It’s an interesting detective exercise trying to uncover all these things, but I think it’s crucial to understand that your role is as a facilitator and that it’s their vision, not yours – you should never be imposing your vision onto the writer or their script. Finally, you’ve got to be able to take that intuitive listening and convert it into something practical that will help them get their vision onto the page.

KP – And how do you go about doing that?

JJ – For me, script editing is about asking the right questions. Sometimes what the writer wants to communicate isn’t quite matching up with what’s on the page. That can be for all sorts of reasons. As a writer you know the story really intimately and so you don’t necessarily have a bird’s eye view of it. But sometimes there’s a really interesting phenomenon where what they set up in the script demands it goes in a particular direction or has a particular ending, but they’ve shied away from that – in those cases it’s about looking at why that is.

So often it’s because the writer is afraid of taking it in that direction, perhaps because they’ve been given feedback that that’s a bad idea or they’re afraid of being judged, so there’s a real psychological component to that. When I read something that isn’t matching up, there are so many elements to why, and I think that such an exciting part of being a script editor is delving into that – whether it’s craft or psychology…

I’m actually currently training as a ‘transformational coach’, because I think the skillsets really cross over, whether it’s dealing with creative blocks or emotional blocks. It’s important to me to be able to take in a writer in a holistic way, to get under the skin of what’s going on for them. And things can get emotional sometimes, so I think it’s important to be sensitive to that.

KP – Do you have any advice for people wanting to get started in script development?

JJ – The obvious one is to get script reading jobs. Contact production companies or the BFI, BBC etc. to see if they’re taking on readers. Some of the schemes are really useful to read on – BBC Writers’ Room or 4Screenwriting. Generally, I’ve found that people are really willing to have coffees and offer advice – particularly if you write a really considered and targeted email to, for example, a head of development or to a development exec at a company whose work you really admire, and ask something particular.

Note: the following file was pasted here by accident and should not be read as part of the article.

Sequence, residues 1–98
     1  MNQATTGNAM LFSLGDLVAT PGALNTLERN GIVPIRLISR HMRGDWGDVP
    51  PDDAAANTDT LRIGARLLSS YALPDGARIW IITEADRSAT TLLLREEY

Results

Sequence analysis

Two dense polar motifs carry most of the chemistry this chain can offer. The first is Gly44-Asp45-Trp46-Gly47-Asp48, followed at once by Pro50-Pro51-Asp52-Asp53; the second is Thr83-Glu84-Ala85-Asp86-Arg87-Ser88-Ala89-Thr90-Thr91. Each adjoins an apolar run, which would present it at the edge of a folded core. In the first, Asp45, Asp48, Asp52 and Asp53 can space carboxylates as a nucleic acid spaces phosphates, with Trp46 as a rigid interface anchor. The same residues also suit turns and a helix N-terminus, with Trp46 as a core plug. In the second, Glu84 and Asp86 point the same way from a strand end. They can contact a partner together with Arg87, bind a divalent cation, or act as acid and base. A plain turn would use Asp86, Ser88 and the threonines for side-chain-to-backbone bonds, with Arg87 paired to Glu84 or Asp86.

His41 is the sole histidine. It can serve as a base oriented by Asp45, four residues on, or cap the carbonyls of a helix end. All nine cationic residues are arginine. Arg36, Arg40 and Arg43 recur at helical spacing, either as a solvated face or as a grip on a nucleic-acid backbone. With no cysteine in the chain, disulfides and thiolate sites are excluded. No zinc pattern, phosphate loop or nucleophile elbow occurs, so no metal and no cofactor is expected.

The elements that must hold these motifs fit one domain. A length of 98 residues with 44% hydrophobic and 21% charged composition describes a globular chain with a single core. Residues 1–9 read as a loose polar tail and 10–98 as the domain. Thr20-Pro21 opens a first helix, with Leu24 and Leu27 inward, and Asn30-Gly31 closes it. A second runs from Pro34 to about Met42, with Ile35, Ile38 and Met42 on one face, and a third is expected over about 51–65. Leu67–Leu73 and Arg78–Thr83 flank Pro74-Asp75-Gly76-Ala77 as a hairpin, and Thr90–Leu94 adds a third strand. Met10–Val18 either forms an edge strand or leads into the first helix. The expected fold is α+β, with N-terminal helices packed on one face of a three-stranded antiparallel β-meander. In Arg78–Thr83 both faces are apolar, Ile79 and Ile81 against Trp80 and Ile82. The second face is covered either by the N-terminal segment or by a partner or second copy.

Don’t be afraid of the theory. There are some really great theory books, like Into the Woods. Sometimes people can get hung up on ‘the rules’, but I think the key is to let them inform your understanding of story without being dogmatic about it.

– Jessica Jones

Beyond that, the tips I’d give are:

Know all the new talent. It’s a never-ending task, but hopefully an enjoyable one! I try to see as much as I possibly can at theatres which prioritise new writing, e.g. Soho Theatre, the Royal Court, the Bush; I also go to as many short film screenings as possible as that’s where a lot of the new filmmaking talent can be found.

Read as many scripts as you can. You can find lots online. The more you read, the more you’ll understand what works and what doesn’t.

Read scripts and then watch the film (or vice versa) so you can see how things translate from script to screen.

Don’t be afraid of the theory. There are some really great theory books, like Into the Woods. Sometimes people can get hung up on ‘the rules’, but I think the key is to let them inform your understanding of story without being dogmatic about it. They can be so helpful in giving you the language to be able to understand the development world.

I remember when I started out, I felt I had an instinct for when things were working, but I didn’t know how to articulate that or how to pinpoint why something was or wasn’t working. So, books or courses or workshops can be a really valuable entry point.

KP – How does that learning feed into your work with the writers?